After the Germans occcupied the area around Dunkirk (Dunkerque, Duenkirchen) in 1940, various currently available definitives and commemorative stamps were overprinted Besetztes / Gebiet / Nordfrankreich in a frame (Occupied Zone Northern France) by order of the German authorities. There were two different types of handstamp applied, one with rounded upper corners to the frame (used at Dunkirk, designated Type I), the other with right-angled top corners (used at Coudekerque, Type II).
None of the stamps in post office stocks in the area at that time were railway thematics. However, the public were permitted to apply normal French stamps to their mail (postcards and unsealed letters only) and these were handstamped by the postal authorities on the covers. Mint copies exist of some of these privately-held values, presumably done by favour. All of the stamps presented by the public were handstamped with the Type I format.
The cover above is backstamped GHYVELDE 2 - 7 - 40
The handstamps on the stamps held in post office stocks were usually applied across a pair of stamps, horizontally or vertically, according to the design. Stamps affixed to letters / postcards by members of the public appear to have been handstamped across two stamps, where two stamps were affixed, otherwise across a single stamp.
The period of use of these handstamps was. officially, 1.7.1940 - 9.8.1940, although some later covers are known. I very much doubt that many of these covers were truly commercial, especially those carrying stamps supplied by the public. However, they were authorised and correctly used, even if predominantly for philatelic purposes and, therefore, they are mainstream, rather than Cinderella, items.
It appears that, with remarkable efficiency in wartime by an occupying force, a full record of the stamps presented by the public was kept by the authorities. The following French stamps of railway interest are listed by Michel in their Germany Specialized catalogue under Deutsche Besetzungsausgaben 1939/45:
** 1936 Airs: 85c, 3 Fr., 3 Fr.50 The 3 Fr.50 is illustrated below.
** 1937 Railway Congress: 30c, 1 Fr.50 The 30c is illustrated above.
** 1939 Miner and Train (70c + 50c)
** Also, for those of you who include Clement Ader in your railway collection, the 1938 50Fr Blue
I believe the standard letter rate at the time to have been One Franc, postcards presumably less.
The cover above is backstamped ARNEKE 3 - 7 - 40
There are, to my knowledge, only three Liberation overprints on Railway Thematics, shown below:
Savoie (Chambéry): Surcharged in Black F.F.I / SAVOIE / 25-8-1944 / 20F. This issue is 100% authentic (recognized by the Ministry of Posts) and is listed by Yvert (Yv.12) and by Michel (Mi. 13). Illustrated at left above.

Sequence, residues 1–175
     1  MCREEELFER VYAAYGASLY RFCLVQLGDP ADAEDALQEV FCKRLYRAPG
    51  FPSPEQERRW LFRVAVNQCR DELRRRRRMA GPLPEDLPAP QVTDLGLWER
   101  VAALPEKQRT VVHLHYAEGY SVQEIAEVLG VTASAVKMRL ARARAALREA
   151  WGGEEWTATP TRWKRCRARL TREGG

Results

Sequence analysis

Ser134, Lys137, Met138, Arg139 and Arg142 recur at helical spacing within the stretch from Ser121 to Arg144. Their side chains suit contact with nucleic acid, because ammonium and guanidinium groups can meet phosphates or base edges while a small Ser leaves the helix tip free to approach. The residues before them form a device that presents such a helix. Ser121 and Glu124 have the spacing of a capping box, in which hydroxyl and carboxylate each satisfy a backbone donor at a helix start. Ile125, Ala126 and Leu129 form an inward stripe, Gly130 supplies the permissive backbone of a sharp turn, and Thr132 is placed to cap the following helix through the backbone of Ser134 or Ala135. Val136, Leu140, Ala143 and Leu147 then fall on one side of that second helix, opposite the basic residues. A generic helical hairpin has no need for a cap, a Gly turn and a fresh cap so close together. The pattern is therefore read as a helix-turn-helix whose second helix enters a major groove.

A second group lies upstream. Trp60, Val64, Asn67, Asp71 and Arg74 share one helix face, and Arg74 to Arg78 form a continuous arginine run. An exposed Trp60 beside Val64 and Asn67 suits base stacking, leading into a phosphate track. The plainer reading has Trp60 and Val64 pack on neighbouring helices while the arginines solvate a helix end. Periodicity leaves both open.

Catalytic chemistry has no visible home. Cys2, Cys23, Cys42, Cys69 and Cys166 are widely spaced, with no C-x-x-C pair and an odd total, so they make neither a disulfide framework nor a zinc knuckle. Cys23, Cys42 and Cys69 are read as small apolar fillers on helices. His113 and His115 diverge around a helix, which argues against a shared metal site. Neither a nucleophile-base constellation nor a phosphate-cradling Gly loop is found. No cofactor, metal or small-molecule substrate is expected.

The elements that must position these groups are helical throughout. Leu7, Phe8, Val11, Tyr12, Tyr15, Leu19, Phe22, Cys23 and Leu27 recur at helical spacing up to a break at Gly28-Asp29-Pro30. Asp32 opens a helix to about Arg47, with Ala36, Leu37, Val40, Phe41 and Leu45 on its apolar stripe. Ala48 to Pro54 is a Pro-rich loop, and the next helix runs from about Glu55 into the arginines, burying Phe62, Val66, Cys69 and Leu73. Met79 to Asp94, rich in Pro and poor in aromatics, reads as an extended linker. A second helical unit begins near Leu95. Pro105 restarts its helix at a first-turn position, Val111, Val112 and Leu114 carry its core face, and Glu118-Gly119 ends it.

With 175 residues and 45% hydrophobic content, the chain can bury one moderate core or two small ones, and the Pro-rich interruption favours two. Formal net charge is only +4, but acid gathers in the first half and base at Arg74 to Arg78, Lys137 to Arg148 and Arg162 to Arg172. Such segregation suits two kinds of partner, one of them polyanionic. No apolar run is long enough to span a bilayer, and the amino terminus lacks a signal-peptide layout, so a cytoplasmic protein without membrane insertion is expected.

Montreuil-Bellay (in the Département of Maine-et-Loire). Overprinted in Blue : (Croix de Lorraine) MAQUIS / MONTREUIL / BELLAY Illustrated at right above. The status of this stamp is problematical. It is not accorded full listing by Yvert, which simply mentions, at the end of its Liberation Issues' section, the names of eighteen further locations which have liberation overprints not recognized by the French central postal authorities. Montreuil-Bellay is shown by Yvert as having 14 values. Ceres, however, do list the issues of this town, but, although they list 34 stamps, the design shown above is not included. Michel only mentions a single stamp from this location,a Pétain 1 Fr. 50, which it declares to be unofficial, so, overall, this stamp is of quite a dubious status.
The stamp of France's first T.P.O., shown above, was overprinted in the town of Gex and has a status somewhere between the Chambéry and the Montreuil-Bellay issues. It is not catalogued by Yvert but it is listed and numbered by Ceres in their catalogue (Ceres Gex 16), as a genuine local issue, although the stamp was not officially recognized by the PTT (French Post Office). I do not know what criteria were applied by the P.T.T. in evaluating these issues, but I would generally consider any stamp with a Ceres number to be of satisfactory status. Finding one, however, especially a single value from a set of eighteen stamps, may prove to be something of a challenge. Good hunting!
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